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Recognizing psychiatric malpractice

When is a bad outcome with a psychiatric patient unavoidable and when is it a sign of malpractice on the part of the mental health professional who was treating the patient?

Mental health professionals have a legal and ethical obligation to act when a patient is either suicidal or threatening harm to others. Psychiatric patients may tell their therapist or psychiatrist their plans as a cry for help. When those cries for help go unheeded, people suffer. Here are some of the most common reasons for mental health malpractice claims:

Abuses of the doctor-patient relationship

Therapists hold a special sort of influence over their patients. Patients trust them with their most intimate secrets. They rely on them during their most emotionally fragile moments. Therefore, a therapist has to be careful not to take advantage of that relationship in any way. It is never the patient’s responsibility to establish boundaries.

Some examples of inappropriate behavior on the part of the therapist include allowing the patient to pay for services by “working off” the bill (by doing yard work, errands, office work and other tasks), having an affair with the patient, or using the patient’s professional skills (like stock tips or tax advice) for personal gain.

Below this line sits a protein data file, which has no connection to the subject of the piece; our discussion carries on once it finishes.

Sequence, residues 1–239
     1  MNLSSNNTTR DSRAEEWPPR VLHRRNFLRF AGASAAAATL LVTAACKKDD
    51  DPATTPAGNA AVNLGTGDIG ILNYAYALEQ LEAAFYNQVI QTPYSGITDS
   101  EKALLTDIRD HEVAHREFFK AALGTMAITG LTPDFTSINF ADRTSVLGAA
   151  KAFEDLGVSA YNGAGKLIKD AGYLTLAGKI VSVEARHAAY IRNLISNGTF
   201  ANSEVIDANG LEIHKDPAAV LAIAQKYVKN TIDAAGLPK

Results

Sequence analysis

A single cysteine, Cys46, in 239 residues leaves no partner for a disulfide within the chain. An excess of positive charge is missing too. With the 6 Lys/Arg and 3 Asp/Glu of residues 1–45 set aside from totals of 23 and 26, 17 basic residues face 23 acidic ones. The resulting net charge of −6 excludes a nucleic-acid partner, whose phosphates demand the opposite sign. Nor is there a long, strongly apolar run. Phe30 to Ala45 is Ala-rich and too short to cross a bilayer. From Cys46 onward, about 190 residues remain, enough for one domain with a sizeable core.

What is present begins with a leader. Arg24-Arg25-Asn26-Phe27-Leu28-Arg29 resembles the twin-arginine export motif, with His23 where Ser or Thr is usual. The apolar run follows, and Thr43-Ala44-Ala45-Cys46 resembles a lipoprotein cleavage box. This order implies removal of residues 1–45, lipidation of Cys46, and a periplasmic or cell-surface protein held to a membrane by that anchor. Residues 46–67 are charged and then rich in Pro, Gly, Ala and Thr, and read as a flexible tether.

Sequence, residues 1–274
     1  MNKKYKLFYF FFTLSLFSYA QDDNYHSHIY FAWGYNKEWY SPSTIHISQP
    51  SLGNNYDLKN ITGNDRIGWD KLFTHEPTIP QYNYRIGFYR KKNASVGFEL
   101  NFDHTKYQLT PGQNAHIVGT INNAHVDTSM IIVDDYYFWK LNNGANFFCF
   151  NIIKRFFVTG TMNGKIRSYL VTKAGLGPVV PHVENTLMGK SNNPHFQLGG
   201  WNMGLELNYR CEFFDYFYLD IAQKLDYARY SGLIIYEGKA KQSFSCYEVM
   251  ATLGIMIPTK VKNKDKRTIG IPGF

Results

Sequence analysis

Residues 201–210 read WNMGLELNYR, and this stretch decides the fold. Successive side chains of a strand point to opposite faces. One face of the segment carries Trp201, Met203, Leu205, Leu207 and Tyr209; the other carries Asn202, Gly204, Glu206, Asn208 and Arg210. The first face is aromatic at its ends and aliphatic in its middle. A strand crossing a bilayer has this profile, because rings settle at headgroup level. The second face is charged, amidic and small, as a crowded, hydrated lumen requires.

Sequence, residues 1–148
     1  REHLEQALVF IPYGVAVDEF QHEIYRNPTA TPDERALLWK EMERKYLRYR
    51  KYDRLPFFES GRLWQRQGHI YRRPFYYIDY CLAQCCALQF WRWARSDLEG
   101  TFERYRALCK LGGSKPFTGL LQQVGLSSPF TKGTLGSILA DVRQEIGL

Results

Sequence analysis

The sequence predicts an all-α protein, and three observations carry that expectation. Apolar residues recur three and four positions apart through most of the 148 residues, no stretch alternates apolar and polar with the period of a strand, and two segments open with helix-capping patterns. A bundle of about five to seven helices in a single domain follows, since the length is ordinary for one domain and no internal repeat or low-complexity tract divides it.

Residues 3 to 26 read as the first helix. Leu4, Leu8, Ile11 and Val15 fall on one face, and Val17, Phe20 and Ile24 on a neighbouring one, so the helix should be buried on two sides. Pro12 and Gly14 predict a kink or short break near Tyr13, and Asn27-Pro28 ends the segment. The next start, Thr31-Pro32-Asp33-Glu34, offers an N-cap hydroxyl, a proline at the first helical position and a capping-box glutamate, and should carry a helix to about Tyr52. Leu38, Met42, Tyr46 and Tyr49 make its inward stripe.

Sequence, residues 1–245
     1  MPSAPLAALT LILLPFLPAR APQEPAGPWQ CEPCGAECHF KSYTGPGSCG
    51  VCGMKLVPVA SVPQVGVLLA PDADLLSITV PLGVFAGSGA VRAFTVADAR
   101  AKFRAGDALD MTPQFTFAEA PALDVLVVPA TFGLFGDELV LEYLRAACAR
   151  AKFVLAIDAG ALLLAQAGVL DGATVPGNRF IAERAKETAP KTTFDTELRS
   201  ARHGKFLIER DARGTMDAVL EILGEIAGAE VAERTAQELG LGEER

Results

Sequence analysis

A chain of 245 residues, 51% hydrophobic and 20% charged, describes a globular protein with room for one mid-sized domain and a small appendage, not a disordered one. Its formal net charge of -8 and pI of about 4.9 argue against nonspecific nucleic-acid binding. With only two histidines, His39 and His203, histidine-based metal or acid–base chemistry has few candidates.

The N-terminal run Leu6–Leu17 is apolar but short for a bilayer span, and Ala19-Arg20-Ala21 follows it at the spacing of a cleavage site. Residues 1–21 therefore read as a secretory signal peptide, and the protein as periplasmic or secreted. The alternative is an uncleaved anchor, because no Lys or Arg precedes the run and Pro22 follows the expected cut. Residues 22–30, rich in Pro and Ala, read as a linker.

Failure to respond appropriately to immediate dangers

When a patient’s family contacts a mental health professional to express concerns about a patient’s capacity for violence or self-harm, a mental health professional has to be cautious about what they reveal about the patient. That does not mean, however, that the clinician should ignore the family’s concerns. They may be in the best position to know if a patient is entering a mental health crisis.

Other failures include dismissing a patient in crisis from the practice abruptly (possibly in an attempt to avoid liability), doing an initial suicide risk evaluation but no follow-up evaluations and not warning a third-party who may be at risk of violence from the patient.

Medical malpractice by mental health professionals often goes unrecognized. Unless psychiatrists and therapists who offer poor care are held accountable by victims and their families, more people may suffer.